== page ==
Vincent Chevalier with Ian Bradley-Perrin

Strictly speaking, nostalgia does not entail the exercise of memory at all, since the past it idealizes stands outside time, frozen in unchanging perfection. Memory too may idealize the past, but not in order to condemn the present. It draws hope and comfort from the past in order to enrich the present and to face what comes…

In the slight of hand that weaves the short and long memories of our community with the artifacts that remain and the work we do to alter our near future into our present sense of the blurred lines of our “community,” let us not drop the adaptability that we have always used to keep up with the virus that adapts so well to us. It is not the remembering and it is neither the history, nor the material culture nor the valorization of the battles won and lost that impedes our movement forward, but rather the unpinning of our past from the circumstances from which the fights were born. It is this that makes light of the impetus to resist; the gentrification of our memories and our worshipping of idols whose miracles are forgotten.

Silence=Death but the white noise humming from your latest post is keeping me up at night. Flying in two dimensions, scrolling through virtual space, virtual time, random access memories referencing deep memory held in those you find inaccessible; beneath the porch light we’ve all been circling. Do not let the dregs of our history be your horse blinders as you move through today’s world because things are different now as they were different then. Allow the history to be real and tethered to a time and place and reason such that the output is responding to today and is ready for tomorrow. Let the past sleep some such that it can be more present the choices you make on reality, not the reality itself. “Nothing’s lost forever. In this world, there is a kind of painful progress. Longing for what we’ve left behind and dreaming ahead. At least I think that’s so.”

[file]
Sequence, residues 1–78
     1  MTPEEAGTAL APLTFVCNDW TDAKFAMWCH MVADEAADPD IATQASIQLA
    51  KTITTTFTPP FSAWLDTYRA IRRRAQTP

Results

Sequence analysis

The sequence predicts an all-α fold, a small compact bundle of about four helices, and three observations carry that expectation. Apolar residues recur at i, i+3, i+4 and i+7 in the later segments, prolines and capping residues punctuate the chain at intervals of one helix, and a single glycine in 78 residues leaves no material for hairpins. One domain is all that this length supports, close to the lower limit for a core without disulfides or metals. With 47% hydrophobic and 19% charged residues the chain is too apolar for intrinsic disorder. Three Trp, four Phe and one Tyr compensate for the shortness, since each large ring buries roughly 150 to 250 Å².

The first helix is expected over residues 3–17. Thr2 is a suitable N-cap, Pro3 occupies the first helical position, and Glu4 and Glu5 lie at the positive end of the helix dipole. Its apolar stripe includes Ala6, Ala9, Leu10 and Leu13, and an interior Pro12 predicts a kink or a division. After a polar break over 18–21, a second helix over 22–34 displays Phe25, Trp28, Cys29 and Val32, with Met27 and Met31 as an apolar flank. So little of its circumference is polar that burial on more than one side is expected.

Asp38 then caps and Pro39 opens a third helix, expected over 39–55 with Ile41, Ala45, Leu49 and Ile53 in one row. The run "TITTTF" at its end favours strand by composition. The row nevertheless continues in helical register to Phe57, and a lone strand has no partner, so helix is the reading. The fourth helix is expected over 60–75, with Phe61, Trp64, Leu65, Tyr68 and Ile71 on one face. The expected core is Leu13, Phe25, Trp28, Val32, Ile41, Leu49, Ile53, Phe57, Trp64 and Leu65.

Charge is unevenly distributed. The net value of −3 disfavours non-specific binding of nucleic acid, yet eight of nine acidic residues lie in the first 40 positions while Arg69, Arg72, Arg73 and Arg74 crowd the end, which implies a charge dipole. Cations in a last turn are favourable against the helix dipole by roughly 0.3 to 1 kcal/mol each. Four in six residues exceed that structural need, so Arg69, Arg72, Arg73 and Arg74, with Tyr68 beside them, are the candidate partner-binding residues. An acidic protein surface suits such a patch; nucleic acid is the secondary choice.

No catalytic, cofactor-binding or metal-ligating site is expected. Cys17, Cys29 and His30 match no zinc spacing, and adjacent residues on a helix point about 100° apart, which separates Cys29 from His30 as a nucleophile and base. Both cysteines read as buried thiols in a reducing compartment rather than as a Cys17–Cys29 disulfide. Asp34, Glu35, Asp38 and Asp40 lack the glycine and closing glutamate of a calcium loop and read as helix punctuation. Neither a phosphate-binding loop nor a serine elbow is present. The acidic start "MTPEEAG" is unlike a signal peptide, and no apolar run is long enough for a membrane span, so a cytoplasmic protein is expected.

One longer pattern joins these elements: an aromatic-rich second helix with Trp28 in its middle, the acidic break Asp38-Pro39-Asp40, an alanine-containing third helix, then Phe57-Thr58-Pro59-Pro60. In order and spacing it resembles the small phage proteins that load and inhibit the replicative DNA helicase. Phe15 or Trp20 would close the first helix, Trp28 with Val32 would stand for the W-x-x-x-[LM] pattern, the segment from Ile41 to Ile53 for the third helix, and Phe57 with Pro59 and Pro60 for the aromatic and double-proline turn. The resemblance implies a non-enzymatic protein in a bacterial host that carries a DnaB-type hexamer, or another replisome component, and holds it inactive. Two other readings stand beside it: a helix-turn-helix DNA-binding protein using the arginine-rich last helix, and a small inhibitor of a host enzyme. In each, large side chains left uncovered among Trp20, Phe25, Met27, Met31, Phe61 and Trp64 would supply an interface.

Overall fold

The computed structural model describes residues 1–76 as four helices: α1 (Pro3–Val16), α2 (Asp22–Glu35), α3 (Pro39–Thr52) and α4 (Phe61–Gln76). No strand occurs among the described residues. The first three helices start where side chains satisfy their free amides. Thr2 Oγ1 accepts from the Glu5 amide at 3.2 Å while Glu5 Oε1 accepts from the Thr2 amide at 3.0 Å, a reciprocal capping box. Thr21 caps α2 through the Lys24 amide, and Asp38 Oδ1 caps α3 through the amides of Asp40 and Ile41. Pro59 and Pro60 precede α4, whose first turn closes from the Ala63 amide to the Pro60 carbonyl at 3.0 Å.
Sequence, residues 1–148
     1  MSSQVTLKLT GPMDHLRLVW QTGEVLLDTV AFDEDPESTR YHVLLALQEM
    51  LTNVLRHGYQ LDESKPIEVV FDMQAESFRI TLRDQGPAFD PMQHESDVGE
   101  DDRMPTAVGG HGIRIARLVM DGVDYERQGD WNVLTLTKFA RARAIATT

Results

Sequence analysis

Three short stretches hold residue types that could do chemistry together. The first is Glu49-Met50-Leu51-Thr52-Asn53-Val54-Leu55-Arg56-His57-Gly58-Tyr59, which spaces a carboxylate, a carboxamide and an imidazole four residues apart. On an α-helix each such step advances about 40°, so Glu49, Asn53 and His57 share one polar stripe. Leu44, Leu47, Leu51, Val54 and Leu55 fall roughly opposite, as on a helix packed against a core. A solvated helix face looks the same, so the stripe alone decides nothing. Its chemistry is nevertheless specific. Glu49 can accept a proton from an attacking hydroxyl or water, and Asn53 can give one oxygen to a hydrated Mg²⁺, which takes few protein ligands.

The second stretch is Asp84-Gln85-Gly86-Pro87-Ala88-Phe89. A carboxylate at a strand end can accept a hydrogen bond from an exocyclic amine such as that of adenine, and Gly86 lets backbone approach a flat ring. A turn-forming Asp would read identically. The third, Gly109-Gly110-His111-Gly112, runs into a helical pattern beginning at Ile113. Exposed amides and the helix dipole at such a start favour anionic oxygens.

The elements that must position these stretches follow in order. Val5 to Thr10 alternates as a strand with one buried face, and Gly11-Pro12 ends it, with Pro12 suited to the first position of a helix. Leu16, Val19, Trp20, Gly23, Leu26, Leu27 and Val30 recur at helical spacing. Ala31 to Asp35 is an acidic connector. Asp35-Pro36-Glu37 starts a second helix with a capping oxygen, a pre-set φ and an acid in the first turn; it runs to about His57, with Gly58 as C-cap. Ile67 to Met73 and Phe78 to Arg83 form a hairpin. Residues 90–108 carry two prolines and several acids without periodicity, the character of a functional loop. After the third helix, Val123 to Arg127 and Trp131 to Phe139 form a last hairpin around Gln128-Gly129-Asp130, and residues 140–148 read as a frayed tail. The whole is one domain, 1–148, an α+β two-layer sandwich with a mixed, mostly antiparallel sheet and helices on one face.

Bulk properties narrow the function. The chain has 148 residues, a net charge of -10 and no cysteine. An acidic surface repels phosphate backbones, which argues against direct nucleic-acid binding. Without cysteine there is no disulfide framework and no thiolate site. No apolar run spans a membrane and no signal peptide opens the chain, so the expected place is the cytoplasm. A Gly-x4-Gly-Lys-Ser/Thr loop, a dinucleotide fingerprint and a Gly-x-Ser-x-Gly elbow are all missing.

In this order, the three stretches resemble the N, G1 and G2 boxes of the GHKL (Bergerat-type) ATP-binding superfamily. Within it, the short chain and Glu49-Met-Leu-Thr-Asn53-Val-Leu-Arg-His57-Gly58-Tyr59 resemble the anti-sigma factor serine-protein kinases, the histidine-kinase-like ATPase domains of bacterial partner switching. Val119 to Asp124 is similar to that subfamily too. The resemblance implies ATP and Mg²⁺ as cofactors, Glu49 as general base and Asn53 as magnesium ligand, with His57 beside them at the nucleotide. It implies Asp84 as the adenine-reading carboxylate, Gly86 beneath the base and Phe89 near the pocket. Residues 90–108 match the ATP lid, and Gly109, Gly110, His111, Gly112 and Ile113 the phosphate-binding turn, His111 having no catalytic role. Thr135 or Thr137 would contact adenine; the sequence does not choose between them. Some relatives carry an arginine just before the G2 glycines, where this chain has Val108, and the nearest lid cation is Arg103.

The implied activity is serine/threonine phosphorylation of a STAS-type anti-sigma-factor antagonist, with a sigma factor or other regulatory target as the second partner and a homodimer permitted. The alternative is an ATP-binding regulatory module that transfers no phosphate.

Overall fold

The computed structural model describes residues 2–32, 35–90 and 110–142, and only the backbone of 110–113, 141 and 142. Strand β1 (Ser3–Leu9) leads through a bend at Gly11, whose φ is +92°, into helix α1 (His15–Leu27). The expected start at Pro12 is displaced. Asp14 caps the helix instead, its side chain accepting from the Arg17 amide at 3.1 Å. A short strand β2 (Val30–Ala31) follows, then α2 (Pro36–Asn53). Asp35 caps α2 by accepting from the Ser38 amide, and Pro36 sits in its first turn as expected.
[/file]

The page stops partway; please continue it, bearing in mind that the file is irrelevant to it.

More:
My gluten fix for the week. This past week I was wheat-pasting with POSTER VIRUS, an art action / culture jamming / consciousness raising happening. Check out the website below for curatorial statement and information on context of the posters below. Also for more pictures of the posters in Toronto. 


[taken from:]

Alex McClelland and Jessica Whitbread

poster/VIRUS Curators

We are under pressure. Our viral loads are overloaded. The response to AIDS is becoming destabilized. We are faltering, becoming complacent, giving up and giving in. The law is creeping further and further in. Our bodies are over-medicalized. And our lives are under-supported. We are not the public that ‘Public Health’ cares about. The AIDS Industrial Complex forces out Treatment as Prevention, while state indifference and austerity measures crush us. But we are “resilient” right?

We are tired of the limits imposed on how we can talk about AIDS. We are tired of individualized responses that ignore the realities and complexities of our lives. We are tired of being defined through acronyms. We are tired of the buzzwords, language that privileges some groups over others and increases the divide between us and them. The bureaucratization of AIDS has marginalized voices that complicate for too long.

But things are changing. There is a move from business suits and pharma-driven hotel conferences back to the grassroots. This year with the poster/VIRUS project we continue to make new assertions about AIDS. We have worked with artists and activists on a series of works that address poverty, sex work, HIV disclosure, queers, incarceration, criminalization, privilege and neo-liberalism.